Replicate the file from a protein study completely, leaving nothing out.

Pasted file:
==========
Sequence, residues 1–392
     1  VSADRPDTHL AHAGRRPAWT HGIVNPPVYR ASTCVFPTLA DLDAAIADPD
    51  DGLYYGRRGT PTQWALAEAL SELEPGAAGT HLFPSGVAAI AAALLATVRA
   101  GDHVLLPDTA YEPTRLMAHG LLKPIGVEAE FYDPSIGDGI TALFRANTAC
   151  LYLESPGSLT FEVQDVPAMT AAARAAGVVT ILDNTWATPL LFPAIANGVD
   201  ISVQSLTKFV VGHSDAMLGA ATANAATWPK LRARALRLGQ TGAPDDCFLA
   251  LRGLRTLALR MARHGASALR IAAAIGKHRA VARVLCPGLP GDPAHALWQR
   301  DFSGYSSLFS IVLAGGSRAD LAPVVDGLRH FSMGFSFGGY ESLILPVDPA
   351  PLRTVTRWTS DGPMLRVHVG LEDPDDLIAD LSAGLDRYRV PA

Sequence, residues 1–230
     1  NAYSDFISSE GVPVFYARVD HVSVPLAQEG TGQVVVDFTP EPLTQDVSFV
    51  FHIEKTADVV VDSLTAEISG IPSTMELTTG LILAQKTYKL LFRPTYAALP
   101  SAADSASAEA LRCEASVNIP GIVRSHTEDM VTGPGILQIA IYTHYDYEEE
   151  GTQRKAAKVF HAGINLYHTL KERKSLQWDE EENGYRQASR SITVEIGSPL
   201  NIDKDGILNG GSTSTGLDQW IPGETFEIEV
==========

Sequence, residues 1–392
     1  VSADRPDTHL AHAGRRPAWT HGIVNPPVYR ASTCVFPTLA DLDAAIADPD
    51  DGLYYGRRGT PTQWALAEAL SELEPGAAGT HLFPSGVAAI AAALLATVRA
   101  GDHVLLPDTA YEPTRLMAHG LLKPIGVEAE FYDPSIGDGI TALFRANTAC
   151  LYLESPGSLT FEVQDVPAMT AAARAAGVVT ILDNTWATPL LFPAIANGVD
   201  ISVQSLTKFV VGHSDAMLGA ATANAATWPK LRARALRLGQ TGAPDDCFLA
   251  LRGLRTLALR MARHGASALR IAAAIGKHRA VARVLCPGLP GDPAHALWQR
   301  DFSGYSSLFS IVLAGGSRAD LAPVVDGLRH FSMGFSFGGY ESLILPVDPA
   351  PLRTVTRWTS DGPMLRVHVG LEDPDDLIAD LSAGLDRYRV PA

Sequence, residues 1–230
     1  NAYSDFISSE GVPVFYARVD HVSVPLAQEG TGQVVVDFTP EPLTQDVSFV
    51  FHIEKTADVV VDSLTAEISG IPSTMELTTG LILAQKTYKL LFRPTYAALP
   101  SAADSASAEA LRCEASVNIP GIVRSHTEDM VTGPGILQIA IYTHYDYEEE
   151  GTQRKAAKVF HAGINLYHTL KERKSLQWDE EENGYRQASR SITVEIGSPL
   201  NIDKDGILNG GSTSTGLDQW IPGETFEIEV